the information on the same page, which was not expected by P09: The menu,
I was expecting a document, right? and then of course, it was not a menu as385
such, it was like a bunch of links”. P02 said that it was unusual to find the
link to the accessible version of the Web site quite at the beginning of the Web
page on W1: No, it’s not usually the case (.. . ) it’s quite at the top”. The fact
that the content was placed before the navigation menu on W1 attracted P03
participant’s attention.390
Apart from the aspects related to Web content and layout, some participants
valued the novel experience of visiting a restaurant Web site for the first time:
First time I visit a restaurant Web site, I didn’t know what it could contain
and I really liked it because it was non-accessible but if you try, you get to
know new things (P06-W1)”. Many participants praised and linked originality395
and the accessibility of W1 and W2 Web sites although this was not always
the case: It’s not original, it gets to the point and is very professional, it is
not arty (. . . ) the page lacks an artistic touch (P05-W2)”. This suggests that
not only the accessibility of a Web site, but the quality of the textual content
provided on the Web site influences the perception of originality: The text400
meets the objective of informing, and the more interesting the better, we ignore
all the visual part of about the venue and the dishes so textual explanations are
interesting for us (P10)”.
4.3.2. Hedonic Quality-Stimulation: Conservative–Innovative (HQS 4)
This attribute is closely related to the previous one (typical-original, HQS 1)405
as many comments coded as original were also coded into the innovative cate-
gory. Nevertheless, there is a subtle but important difference about the meaning:
unlike HQS 1, HQS 4 deals more with conservatism and innovation, which are
somehow related to progress and evolution.
Conservative represents a tendency to favour the preservation of established410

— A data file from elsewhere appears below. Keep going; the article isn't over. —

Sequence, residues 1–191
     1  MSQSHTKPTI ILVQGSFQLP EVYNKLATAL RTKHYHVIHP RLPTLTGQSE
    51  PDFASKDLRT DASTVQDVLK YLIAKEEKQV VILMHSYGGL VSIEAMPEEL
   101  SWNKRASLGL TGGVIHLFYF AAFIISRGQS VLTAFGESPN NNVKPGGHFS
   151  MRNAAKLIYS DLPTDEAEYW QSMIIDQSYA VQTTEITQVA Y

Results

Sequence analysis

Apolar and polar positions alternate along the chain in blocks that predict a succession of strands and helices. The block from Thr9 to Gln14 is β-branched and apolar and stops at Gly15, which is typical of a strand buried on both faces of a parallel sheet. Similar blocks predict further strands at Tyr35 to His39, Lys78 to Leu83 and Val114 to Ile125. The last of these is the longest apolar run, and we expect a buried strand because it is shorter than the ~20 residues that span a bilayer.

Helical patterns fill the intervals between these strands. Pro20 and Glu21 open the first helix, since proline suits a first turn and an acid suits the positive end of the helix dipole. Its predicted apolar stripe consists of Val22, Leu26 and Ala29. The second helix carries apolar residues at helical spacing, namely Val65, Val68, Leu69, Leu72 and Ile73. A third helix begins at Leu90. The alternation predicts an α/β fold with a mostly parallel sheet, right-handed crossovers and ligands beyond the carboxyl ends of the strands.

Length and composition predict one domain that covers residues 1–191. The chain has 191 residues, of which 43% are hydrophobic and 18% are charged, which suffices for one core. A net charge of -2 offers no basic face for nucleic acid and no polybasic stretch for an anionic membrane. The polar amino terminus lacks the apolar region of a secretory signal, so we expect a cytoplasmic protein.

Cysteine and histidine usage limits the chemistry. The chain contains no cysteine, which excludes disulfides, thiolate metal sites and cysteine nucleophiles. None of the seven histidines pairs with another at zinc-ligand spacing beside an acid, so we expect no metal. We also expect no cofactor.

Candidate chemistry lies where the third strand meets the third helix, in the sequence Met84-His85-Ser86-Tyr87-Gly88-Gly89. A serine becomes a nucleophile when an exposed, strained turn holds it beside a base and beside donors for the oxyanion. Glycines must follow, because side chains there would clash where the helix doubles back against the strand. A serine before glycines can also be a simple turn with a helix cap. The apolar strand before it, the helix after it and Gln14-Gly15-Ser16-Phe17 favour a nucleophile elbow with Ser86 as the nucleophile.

ideas, conditions, values or institutions, opposing innovation. Some synonyms
are traditional, conventional, moderate, cautious and reactionary. While liberal,
radical, progressive, innovative, and imaginative are some examples of opposites.
We found few examples of comments which relate both conservative and
inaccessibility: “The feeling is that the page hasn’t served me for anything (.. . )415
in addition to annoying me I feeling the site is totally conservative, it has no
innovation, it is not accessible at all (P04-W3)”. P05 goes further and suggests
that the lack of accessibility is an indicator of non-evolved society or country:
I think they haven’t thought much about people who are not able to see, right?
Regarding accessibility, nowadays it should already be there (.. . ) I’m sure that420
in the Netherlands these non-accessible Web sites aren’t developed any more
. . . (P05-W3)”.
Innovative relates to showing a noteworthy use of the imagination and creativ-
ity especially in creating new things and inventing. Synonyms include novel,
new, original, different, fresh, unusual and unfamiliar. Most comments who425
link innovation and accessibility refer to the W1 Web site: Seeing a different
design has aroused my curiosity (. . . ) what I have liked most is its innovative
character. . . (P10-W1)”.
4.3.3. Hedonic Quality-Stimulation: Lame–Exciting (HQS 5)
Lame means falling short of a standard, painful or weak, unconvincing,430
not effective or enthusiastic, conventional or uninspiring. Synonyms include de-
fective, unconvincing, poor, inadequate, weak, insufficient and unsatisfactory.
Most comments were about the W3 Web site, where we found at least one com-
ment for each participant about W3: It is not easy to handle. The information
is quite hard to find with a screen reader, unspecific (.. . ) It’s too much effort,435
you waste a lot of time, the information you get is not very reliable. The messy
links were not very clarifying, they do not give an idea of the content in each
link (. . . ) it was like a labyrinth, too complicated (. . . ) to get something specific
you would have to invest much time, effort and I’m not sure if one would get
to anything concrete (. . . ) it forces you to have to do all the tour of the entire440
page. It’s like to get a room in a hotel you would have to go through the 360
rooms it has (. . . ) is the most difficult one of the four Web sites, for a screen
reader user is unsatisfactory (P07)”.
We only found comments from one participant who would stress the lameness
of W4: Disappointed, confused in many moments, completely bored and very445
annoyed (P02)”. We also found a few comments about the most accessible Web
sites, W1 and W2: It’s not a very clear content as to the presented links. It’s
promising, it seems it will provide information, but the information that exposes
is very literary. Very literary and very repetitive for a screen reader (P07-W1)”.
Exciting is related to causing great emotional or mental stimulation. Synonyms450
for exciting would be stimulating, inspiring, thrilling or sensational while oppo-
sites include boring, dull, dreary, monotonous, uninspiring. Most comments are
about the accessible Web sites, W1 and W2: I found the Web page attractive
(. . . ) a desirable place to go (.. . ) a Web site with very specific and clear infor-
mation, and very attractive content (P03-W2)”. Some participants suggested455
the possibility to revisit the Web site and other even showed their willingness
to go to the restaurant: I’ll check it at home, maybe I’ll write them an email
telling them that the Web site is perfect (P06-W2)”.
5. Discussion